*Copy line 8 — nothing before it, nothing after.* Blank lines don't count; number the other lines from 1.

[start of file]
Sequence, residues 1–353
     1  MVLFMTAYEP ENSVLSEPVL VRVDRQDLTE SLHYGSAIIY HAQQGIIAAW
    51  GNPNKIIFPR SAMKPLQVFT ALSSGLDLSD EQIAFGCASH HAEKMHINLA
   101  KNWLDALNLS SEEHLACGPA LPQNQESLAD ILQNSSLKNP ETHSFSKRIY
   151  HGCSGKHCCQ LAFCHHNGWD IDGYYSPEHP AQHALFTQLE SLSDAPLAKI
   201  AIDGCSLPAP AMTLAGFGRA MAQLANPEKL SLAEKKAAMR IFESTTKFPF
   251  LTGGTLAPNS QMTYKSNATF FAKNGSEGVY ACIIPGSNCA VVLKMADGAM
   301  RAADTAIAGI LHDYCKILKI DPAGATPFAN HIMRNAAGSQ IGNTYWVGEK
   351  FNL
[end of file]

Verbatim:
   301  RAADTAIAGI LHDYCKILKI DPAGATPFAN HIMRNAAGSQ IGNTYWVGEK